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Posted Wednesday, November 5, 2008 8:52 AM


Right there with Babe

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In SSMS 2008 query results window, you can right-click and choose "Copy with headers"
(Copy, Copy with Headers, Select All)

if you didn't set the Option settings many mentioned above

Copy with Headers

FirstName MiddleName LastName
285 E Abbas
293 R. Abel




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Post #597426
Posted Wednesday, November 5, 2008 9:06 AM
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David,

Actually there is a way to get the column names from the grid view in Sql Server Management Studio.

Goto:

Tools|Options|
+Query Results
+SQL Server
Results to Grid

Check the checkbox (Include column headers when copying or saving the results)

Peter
Post #597440
Posted Wednesday, November 5, 2008 9:16 AM
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Interesting article...


Post #597446
Posted Wednesday, November 5, 2008 9:22 AM
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Thanks, David J. -- that'll do it! :)

As icing on the cake, starting from what you gave, I may prefer to let an export task do most of the work of creating the spreadsheet, and just use ADO in VBScript for:

objExcel.Range("A1:AD1").Font.Bold = TRUE
objExcel.Range("A1:AD1").Interior.ColorIndex = 6

If you have comments, they are appreciated.

Thanks again...
Post #597459
Posted Wednesday, November 5, 2008 9:35 AM


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corneld (11/5/2008)
I concur with:

SSMS > Tools > Options > Query Results > SQL Server > Results to Grid > 'Include column headers when copying or saving results'

Otherwise, good effort and nice article!!!


Indeed - you'd think this would be turned on by default, along with word wrap and display line numbers.

Good article - I've seen a similar Excel macro solution for Oracle, so I can see this has its applications.




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Post #597468
Posted Wednesday, November 5, 2008 9:43 AM


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divison (11/5/2008)
Thanks, David J. -- that'll do it! :)

...

Thanks again...


No problem :D

Here is another handy macro that demonstrates formatting, and tells you the numbers Excel uses for colours as a bonus


Sub colors56()
'57 colors, 0 to 56
Application.ScreenUpdating = False
Application.Calculation = xlCalculationManual 'pre XL97 xlManual
Dim i As Long
Dim str0 As String, str As String
For i = 0 To 56
Cells(i + 1, 1).Interior.ColorIndex = i
Cells(i + 1, 1).Value = "[Color " & i & "]"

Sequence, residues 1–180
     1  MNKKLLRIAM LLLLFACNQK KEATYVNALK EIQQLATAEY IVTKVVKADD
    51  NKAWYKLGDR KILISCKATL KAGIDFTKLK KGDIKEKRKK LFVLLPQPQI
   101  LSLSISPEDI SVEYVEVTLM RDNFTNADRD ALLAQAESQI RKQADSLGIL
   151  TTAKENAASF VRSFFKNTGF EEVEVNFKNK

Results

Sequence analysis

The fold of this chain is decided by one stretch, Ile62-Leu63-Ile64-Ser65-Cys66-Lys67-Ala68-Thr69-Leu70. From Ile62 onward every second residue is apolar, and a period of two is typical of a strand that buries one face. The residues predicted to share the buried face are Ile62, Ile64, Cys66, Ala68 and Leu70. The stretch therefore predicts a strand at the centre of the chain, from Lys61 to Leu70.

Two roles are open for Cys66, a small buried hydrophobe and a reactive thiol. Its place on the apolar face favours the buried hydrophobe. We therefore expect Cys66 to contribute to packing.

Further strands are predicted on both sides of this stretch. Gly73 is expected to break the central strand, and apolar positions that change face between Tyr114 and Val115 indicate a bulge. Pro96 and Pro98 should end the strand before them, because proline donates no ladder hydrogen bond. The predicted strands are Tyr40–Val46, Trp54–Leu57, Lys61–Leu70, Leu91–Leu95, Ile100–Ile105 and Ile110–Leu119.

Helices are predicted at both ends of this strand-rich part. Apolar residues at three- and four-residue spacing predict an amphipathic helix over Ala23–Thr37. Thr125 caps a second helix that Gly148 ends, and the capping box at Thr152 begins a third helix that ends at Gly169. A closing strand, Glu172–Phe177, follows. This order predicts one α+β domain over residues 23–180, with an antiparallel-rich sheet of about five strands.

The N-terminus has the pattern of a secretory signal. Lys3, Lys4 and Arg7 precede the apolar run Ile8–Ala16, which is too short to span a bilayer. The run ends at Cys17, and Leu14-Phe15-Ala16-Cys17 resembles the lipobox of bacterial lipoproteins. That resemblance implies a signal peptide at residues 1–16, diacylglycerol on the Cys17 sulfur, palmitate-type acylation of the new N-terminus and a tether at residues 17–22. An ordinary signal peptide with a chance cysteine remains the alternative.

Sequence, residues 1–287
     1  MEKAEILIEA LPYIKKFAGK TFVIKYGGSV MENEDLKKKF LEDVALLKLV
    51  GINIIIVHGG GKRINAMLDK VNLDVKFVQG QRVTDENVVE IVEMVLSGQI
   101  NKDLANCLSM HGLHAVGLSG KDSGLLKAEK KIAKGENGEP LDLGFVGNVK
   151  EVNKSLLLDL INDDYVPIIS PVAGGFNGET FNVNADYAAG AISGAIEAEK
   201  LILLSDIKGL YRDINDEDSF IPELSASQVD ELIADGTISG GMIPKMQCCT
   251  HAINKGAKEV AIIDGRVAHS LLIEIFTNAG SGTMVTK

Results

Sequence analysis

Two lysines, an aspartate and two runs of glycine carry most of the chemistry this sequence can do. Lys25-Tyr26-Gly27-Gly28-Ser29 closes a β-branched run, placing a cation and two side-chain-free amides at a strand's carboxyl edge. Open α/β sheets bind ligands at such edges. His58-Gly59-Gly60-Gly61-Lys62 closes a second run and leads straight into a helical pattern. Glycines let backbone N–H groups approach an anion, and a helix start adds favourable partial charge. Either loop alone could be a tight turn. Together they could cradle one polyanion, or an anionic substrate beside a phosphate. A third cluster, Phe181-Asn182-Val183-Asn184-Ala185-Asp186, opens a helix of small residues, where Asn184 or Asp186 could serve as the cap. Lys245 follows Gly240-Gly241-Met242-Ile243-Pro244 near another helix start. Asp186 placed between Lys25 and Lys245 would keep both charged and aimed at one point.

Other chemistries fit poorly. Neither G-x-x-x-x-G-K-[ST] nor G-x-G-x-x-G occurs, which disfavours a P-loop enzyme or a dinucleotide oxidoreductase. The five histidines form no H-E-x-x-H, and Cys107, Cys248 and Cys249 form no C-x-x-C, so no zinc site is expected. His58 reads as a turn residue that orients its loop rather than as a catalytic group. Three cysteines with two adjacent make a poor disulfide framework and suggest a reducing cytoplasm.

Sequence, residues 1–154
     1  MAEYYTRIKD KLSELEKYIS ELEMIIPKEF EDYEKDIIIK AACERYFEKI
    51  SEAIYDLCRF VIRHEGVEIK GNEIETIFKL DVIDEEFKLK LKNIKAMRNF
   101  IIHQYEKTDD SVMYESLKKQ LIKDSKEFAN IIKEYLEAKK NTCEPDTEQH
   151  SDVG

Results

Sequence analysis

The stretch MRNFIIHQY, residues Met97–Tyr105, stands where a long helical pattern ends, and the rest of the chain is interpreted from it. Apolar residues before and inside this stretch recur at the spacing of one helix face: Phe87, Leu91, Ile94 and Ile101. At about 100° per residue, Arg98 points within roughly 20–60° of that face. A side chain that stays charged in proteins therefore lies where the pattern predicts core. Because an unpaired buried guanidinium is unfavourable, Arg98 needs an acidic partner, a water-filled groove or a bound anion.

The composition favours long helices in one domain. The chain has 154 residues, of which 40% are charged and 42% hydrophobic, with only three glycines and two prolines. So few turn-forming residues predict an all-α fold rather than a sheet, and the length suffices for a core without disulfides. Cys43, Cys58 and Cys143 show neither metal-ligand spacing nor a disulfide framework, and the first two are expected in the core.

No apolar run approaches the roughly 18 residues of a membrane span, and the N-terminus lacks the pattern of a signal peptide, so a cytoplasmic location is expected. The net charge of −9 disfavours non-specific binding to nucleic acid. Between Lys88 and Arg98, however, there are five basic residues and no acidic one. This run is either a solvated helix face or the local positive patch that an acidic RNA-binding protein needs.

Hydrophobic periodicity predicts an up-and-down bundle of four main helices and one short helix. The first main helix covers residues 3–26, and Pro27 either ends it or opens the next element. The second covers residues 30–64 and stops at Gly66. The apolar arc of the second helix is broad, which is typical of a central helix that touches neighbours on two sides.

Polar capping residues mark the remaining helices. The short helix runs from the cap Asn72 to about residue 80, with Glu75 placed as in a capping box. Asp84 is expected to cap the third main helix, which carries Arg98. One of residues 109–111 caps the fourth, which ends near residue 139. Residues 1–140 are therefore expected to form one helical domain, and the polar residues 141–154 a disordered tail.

Cells(i + 1, 2).Font.ColorIndex = i
Cells(i + 1, 2).Value = "[Color " & i & "]"
str0 = Right("000000" & Hex(Cells(i + 1, 1).Interior.Color), 6)
'Excel shows nibbles in reverse order so make it as RGB
str = Right(str0, 2) & Mid(str0, 3, 2) & Left(str0, 2)
'generating 2 columns in the HTML table
Cells(i + 1, 3) = "#" & str & "" '& "#" & str & ""
Cells(i + 1, 3).Font.Name = "Courier"
Cells(i + 1, 4).Formula = "=Hex2dec(""" & Right(str0, 2) & """)"
Cells(i + 1, 5).Formula = "=Hex2dec(""" & Mid(str0, 3, 2) & """)"
Cells(i + 1, 6).Formula = "=Hex2dec(""" & Left(str0, 2) & """)"
Cells(i + 1, 7) = "[Color " & i & "]"
Next i
done:
Application.Calculation = xlCalculationAutomatic 'pre XL97 xlAutomatic
Application.ScreenUpdating = True
End Sub


This is a macro to be run in excel, try it in a new workbook. All credit to http://www.mvps.org/dmcritchie/excel/colors.htm ;)

Dave J



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Post #597481
Posted Wednesday, November 5, 2008 12:05 PM
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When I need to grab column names to paste into Excel, I just push the "Results to Text" button, run the query, copy the column names and paste them into Excel, then switch back to "Results to Grid" and rerun the query. It works for anyone who only infrequently needs to copy column names.
Post #597611
Posted Wednesday, November 5, 2008 12:32 PM
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Thank you David J
It seems we are thinking at the same direction.
You can do it in VBA and VB script. In fact some time I development and tests
in VBA (testing and editing macros) and then translate the result to VB script. But so far
we have been talking about formating. If you need more complicated actions depending
on actual data like subsums filtering linking to other sheets etc I stay with ADO and VBA because it works. And it is really fashinating what you can do with Excel. I have for a client made a "customer simulator". This workbook is loaded with 6 different queries (in different sheets) from the data ware house and there is a lot of logic inside. A salesman can key in a prospect and simulate different situations to calculate the assumed net margin.

:) Gosta



Post #597626
Posted Thursday, November 6, 2008 6:46 AM
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Like others before me, I've always used export tools to get the data to Excel. However, the formatting of the spreadsheet for alternate colors makes me *almost* wish that I knew more about VB. Execllent on formatting! ~Clarie
Post #598078
Posted Monday, May 9, 2011 12:47 PM
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Hey this is a great template! Thanks for the help

Andrea B.
Excel Spreadsheets
Post #1105691
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